It’s always thrilling to get a mention in a large national business publication. Inc.’s Ryan McCarthy writes on his blog that Duct Tape Marketing’s John Jantsch has a word to say about getting your whole team involved in marketing!
From the article:
Getting marketing understanding and buy-in from your entire team makes them feel more empowered to act on behalf of the brand and better ambassadors wherever they encounter prospects and customers.
But let’s not fool ourselves. If YOU are the small biz owner – this is your baby, your passion, your dream. When you hire someone to work in your organization, unless they buy in to the “marketing is everybody’s job” concept, they may not embrace this reality that everything they do is marketing. You might consider ways to inspire and make it fun for people to get on board:
– the administrative assistant hired to answer phones is, in a typical viewpoint, “just answering phones” – but in a marketing world, this person is offering the initial perception that a prospective client has about who you are and what you do. Perhaps you might need to have a couple of friends call in to your primary business line as a test of what impression they get (you’re not likely going to hear what’s normally said until you are not hovering over your receptionist’s shoulder listening in). But don’t just do so to play “gotcha” and punish the person for doing a poor job – instead REWARD for good impressions! Offering incentives to this front-liner will no doubt remind him or her of their critical role in your company.
– alot of times people who work in the back of the shop become forgotten or at a minimum, disjointed from the marketing process. So in the spirit of reward and incentive, start finding ways to invite the behind-the-scenes team members up to the front where they interact directly with the customer. Perhaps the mechanic working on the car can come up front and explain the problem to the customer (most times, the mechanic tells the counter sales person and then when questions arise in the customer’s mind, the man up front is left with responding ineffectively: “I’m not the mechanic and can’t really answer that question, but just pay up and we’ll fix it”). If safety is not a critical issue, have the mechanic invite the customer to view the problem with the brake pads themselves so as to minimize the suspicion in the customer’s mind. When good work is done, reward!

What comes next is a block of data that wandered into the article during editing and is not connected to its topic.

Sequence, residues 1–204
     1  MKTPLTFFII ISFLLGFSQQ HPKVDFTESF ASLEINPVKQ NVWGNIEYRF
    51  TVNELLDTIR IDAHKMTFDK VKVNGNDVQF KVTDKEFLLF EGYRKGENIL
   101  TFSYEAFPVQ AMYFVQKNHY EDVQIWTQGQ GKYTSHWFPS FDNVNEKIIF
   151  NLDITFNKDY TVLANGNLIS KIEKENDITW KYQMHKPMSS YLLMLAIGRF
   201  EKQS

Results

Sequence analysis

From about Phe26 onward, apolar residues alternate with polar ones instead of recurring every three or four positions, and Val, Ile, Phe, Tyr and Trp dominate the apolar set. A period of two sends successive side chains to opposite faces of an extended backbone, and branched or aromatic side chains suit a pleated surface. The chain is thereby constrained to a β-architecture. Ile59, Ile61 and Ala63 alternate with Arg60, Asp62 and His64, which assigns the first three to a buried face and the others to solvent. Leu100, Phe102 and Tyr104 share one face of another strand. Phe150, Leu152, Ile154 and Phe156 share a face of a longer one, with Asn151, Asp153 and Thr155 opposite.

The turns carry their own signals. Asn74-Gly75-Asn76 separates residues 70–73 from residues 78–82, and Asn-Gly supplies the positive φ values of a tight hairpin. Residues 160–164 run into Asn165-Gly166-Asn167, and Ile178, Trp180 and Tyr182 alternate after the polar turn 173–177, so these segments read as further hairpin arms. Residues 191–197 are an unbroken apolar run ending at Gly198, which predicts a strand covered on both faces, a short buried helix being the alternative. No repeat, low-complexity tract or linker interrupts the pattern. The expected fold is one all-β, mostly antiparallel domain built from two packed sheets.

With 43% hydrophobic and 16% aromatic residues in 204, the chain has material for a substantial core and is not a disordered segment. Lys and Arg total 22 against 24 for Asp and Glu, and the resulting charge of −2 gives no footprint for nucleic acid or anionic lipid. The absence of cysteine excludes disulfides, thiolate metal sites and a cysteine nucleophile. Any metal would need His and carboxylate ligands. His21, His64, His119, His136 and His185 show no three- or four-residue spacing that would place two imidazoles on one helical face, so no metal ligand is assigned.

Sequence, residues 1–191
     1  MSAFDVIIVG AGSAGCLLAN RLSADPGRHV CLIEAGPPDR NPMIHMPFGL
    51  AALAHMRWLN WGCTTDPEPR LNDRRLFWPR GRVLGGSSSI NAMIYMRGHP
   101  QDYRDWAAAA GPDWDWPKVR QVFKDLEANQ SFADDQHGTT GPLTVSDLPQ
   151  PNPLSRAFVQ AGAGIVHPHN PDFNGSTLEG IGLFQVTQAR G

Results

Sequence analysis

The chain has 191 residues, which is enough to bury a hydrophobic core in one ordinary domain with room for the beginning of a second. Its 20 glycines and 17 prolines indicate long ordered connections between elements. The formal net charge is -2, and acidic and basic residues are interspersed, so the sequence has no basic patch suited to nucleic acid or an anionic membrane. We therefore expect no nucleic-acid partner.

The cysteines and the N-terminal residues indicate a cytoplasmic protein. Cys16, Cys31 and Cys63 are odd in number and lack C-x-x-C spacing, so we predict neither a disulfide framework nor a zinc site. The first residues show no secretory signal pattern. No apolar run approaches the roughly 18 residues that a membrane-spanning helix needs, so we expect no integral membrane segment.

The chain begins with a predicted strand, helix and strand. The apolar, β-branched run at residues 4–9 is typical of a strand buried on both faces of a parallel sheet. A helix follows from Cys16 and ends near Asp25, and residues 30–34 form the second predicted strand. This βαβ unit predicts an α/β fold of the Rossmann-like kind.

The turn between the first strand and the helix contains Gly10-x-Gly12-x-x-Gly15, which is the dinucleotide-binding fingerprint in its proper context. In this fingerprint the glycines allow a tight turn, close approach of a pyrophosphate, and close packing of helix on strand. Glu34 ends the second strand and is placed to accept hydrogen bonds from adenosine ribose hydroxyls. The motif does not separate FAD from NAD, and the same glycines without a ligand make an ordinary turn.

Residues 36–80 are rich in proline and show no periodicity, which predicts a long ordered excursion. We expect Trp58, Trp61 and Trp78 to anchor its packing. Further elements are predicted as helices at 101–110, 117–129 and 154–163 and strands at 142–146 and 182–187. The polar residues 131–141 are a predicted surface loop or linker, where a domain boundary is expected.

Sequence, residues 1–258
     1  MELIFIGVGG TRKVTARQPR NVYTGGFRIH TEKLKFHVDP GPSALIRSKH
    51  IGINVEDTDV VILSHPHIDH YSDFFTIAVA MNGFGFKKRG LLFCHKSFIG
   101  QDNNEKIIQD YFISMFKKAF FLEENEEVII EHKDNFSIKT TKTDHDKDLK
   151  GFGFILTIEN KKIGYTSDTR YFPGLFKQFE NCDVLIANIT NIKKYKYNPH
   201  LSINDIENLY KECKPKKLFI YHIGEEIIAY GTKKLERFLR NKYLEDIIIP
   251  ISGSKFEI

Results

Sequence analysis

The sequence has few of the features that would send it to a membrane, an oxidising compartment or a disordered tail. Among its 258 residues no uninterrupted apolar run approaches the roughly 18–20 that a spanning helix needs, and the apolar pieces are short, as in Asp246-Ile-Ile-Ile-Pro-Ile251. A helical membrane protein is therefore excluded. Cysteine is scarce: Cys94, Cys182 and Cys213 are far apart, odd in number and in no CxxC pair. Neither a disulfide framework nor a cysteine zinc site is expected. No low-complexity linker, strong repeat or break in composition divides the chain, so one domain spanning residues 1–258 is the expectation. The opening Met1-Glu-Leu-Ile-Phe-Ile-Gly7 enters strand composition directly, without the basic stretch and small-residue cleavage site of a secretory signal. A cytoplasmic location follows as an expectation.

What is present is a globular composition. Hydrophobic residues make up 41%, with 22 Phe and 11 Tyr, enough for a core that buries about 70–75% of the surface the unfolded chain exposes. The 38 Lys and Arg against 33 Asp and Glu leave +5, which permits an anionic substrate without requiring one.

– business cards may be dying in some circles, but have you presented EVERYONE on your team a stack of business cards with their name and title on it? Again, we have traditionally reserved this cards for the “out front” folks. But doesn’t it make sense to offer business cards to each and every member of the team? Biz cards offer credibility and respect when they are not on the job but out with friends networking and exchanging contact information. Biz cards heighten the sense of responsibility – consider giving titles that tell more about what they DO for the company (without being silly, but having fun that will allow their cards to generate buzz and curiosity: “customer satisfaction specialist” 0r “loyal client creator” or “executive officer – idea implementation department” – you get the point. Cards can seem useless and dated if they are traditional and boring. But cards done right can bring everyone on board! Here’s some ideas on making your business cards unforgettable.
– don’t be afraid to pull in strategic people from every corner of your organization into your “marketing department” – do away with the traditional separatist strategy and invite specific leaders from every department and train them regularly on your marketing strategy. Then, DON’T TELL THEM, but invite them into brainstorming ideas on how their department can help you reach your strategic marketing objectives. Top-down marketing plans rarely excite anyone!
Marketing is a team effort and must permeate every space in your organization or business. What ideas do you have?